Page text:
Sunday, September 18, 2011

The Alien - Part One: Discovery

Exposed from the waste up, I’m standing in front of a giant piece of equipment designed to smash the flesh of my meager breasts until they ooze like thick glue from a crack. In contrast to the technicians in previous sessions, this one seems blaze and a bit careless about the procedure. Zap, zap on each side then a flippant, "You will be called if more views are required." In less than ten minutes, I’m back in the dressing room. Uneasy about the tech's cavalier attitude, I make a mental note to mention my concerns to the doctor three weeks hence at my yearly physical. It had been two years since my last mammogram, plenty of time for a problem to develop.

A few days later I am not surprised when a voice on the other end of the phone explains the need for "more views" and an ultra sound. The day of the next test I have almost convinced myself it is a routine follow up due to the tech’s carelessness until a radiologist with a concerned demeanor is solemnly ushered into the tiny ultra sound room. "The image of the right breast most likely indicates nothing more than thickened breast tissue. It is the left that is worrisome. Rather than watching this I would like to do a bi-lateral ultra-sound guided needle biopsy so we will have a clear answer." My inner voice begins nervously chanting the ominous c-word.

As soon as I return home, I perform a belated self-exam of both breasts. Much to my horror, I can feel a small navy bean near my left armpit not far below the surface of the skin. “How could I have missed this?” I thought, beating myself up for a history of infrequent, less than thorough self-exams and a two-year gap between mammograms.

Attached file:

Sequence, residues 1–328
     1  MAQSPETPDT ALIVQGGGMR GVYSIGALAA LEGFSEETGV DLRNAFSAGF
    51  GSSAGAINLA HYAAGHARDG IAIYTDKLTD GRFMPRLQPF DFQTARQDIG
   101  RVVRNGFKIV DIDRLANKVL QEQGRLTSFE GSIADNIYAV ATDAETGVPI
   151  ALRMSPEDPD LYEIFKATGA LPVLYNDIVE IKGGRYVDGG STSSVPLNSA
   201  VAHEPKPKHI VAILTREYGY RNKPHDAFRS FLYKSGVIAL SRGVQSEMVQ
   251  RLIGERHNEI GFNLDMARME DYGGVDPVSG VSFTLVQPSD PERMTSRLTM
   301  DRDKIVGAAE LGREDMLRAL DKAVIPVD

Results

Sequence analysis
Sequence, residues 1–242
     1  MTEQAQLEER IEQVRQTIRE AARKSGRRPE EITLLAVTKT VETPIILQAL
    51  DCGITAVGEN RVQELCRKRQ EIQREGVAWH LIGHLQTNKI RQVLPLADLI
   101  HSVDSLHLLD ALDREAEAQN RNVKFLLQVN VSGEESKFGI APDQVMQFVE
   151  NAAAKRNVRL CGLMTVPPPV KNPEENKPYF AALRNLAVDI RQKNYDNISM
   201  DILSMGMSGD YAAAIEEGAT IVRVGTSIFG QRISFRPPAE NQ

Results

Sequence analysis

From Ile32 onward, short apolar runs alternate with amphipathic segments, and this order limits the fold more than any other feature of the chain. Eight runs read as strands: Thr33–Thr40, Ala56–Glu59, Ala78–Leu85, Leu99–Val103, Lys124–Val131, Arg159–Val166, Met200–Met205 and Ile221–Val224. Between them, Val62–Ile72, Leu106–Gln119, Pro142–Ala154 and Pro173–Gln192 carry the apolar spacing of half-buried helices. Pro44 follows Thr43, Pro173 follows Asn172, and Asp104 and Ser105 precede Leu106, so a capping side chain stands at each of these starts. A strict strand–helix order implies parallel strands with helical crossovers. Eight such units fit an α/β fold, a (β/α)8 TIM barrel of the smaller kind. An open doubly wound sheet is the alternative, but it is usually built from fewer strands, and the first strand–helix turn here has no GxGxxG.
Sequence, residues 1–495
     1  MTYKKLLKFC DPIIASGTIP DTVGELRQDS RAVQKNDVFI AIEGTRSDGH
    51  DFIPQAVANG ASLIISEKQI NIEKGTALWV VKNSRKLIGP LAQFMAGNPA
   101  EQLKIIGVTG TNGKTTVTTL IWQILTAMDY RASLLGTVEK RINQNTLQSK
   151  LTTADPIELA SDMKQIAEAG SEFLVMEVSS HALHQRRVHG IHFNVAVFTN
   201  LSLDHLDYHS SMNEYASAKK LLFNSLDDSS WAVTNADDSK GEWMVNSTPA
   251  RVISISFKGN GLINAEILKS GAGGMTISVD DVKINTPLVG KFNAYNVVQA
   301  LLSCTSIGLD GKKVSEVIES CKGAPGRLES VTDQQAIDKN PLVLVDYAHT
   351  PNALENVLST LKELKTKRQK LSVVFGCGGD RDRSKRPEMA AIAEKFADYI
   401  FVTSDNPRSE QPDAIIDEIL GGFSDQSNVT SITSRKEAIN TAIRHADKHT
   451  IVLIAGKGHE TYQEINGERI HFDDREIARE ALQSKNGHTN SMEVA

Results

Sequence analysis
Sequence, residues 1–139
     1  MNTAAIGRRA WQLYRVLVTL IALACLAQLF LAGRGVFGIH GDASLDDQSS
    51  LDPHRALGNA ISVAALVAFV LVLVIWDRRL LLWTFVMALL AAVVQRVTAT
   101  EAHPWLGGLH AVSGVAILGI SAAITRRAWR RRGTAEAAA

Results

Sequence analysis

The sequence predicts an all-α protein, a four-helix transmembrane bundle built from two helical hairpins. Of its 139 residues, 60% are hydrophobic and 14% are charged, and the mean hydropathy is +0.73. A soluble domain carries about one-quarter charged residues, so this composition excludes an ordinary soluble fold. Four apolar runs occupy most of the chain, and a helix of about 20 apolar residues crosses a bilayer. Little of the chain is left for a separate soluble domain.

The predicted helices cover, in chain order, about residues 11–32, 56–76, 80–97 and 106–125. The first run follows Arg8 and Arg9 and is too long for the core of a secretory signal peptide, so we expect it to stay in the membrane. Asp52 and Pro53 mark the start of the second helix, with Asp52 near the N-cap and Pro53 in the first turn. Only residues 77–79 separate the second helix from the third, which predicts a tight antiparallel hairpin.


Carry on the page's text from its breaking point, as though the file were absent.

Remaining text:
While I wait the twelve days until the biopsy, a ravenous search of the Internet fills the large gaps in my knowledge about breast cancer detection and treatment options. I am fully prepared for the needles and the noisy suction equipment on the morning of the procedure. The radiologist and the ultra sound technician work quickly and skillfully to complete the nearly painless procedure. Before I leave, the technician hands me two business cards, "If your doctor's office hasn't been in touch by 2:00 on Friday afternoon, you can call us for the results." Damn right I'll call.

I phone our primary care clinic at 2:01 on Friday afternoon- no results yet. Not quite desperate enough to bother the radiologist or technician, I try the records office at the imaging center - still no word. Finally I pull out the business cards and leave a voice mail message for the radiologist. Meanwhile Gary  is making the rounds in person on his way home from Friday afternoon volleyball - first the clinic and then the imaging center - no word.

When the phone rings an hour later, I listen as though the radiologist is talking about someone else while she quietly explains, “as I suspected there is a benign thickening on the right, but I’m sorry to say a small malignancy was found in your left breast. The next step is to see a surgeon as soon as possible.”

Armed with the radiologist’s top choice of surgeons, I immediately call the office only to hear a message that they closed at 2:30. Another weekend of frantic Internet research on survival rates and other titillating topics gives my mind too much to imagine. My inner voice is obsessed with “I don’t want to die.”

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